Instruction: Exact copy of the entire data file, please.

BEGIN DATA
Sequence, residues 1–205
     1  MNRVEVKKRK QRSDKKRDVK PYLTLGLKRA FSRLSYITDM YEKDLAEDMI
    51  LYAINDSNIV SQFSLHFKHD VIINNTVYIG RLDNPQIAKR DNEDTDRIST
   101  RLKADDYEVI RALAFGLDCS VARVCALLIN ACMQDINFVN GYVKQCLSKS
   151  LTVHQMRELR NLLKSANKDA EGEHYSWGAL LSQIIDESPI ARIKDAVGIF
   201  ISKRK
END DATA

Sequence, residues 1–205
     1  MNRVEVKKRK QRSDKKRDVK PYLTLGLKRA FSRLSYITDM YEKDLAEDMI
    51  LYAINDSNIV SQFSLHFKHD VIINNTVYIG RLDNPQIAKR DNEDTDRIST
   101  RLKADDYEVI RALAFGLDCS VARVCALLIN ACMQDINFVN GYVKQCLSKS
   151  LTVHQMRELR NLLKSANKDA EGEHYSWGAL LSQIIDESPI ARIKDAVGIF
   201  ISKRK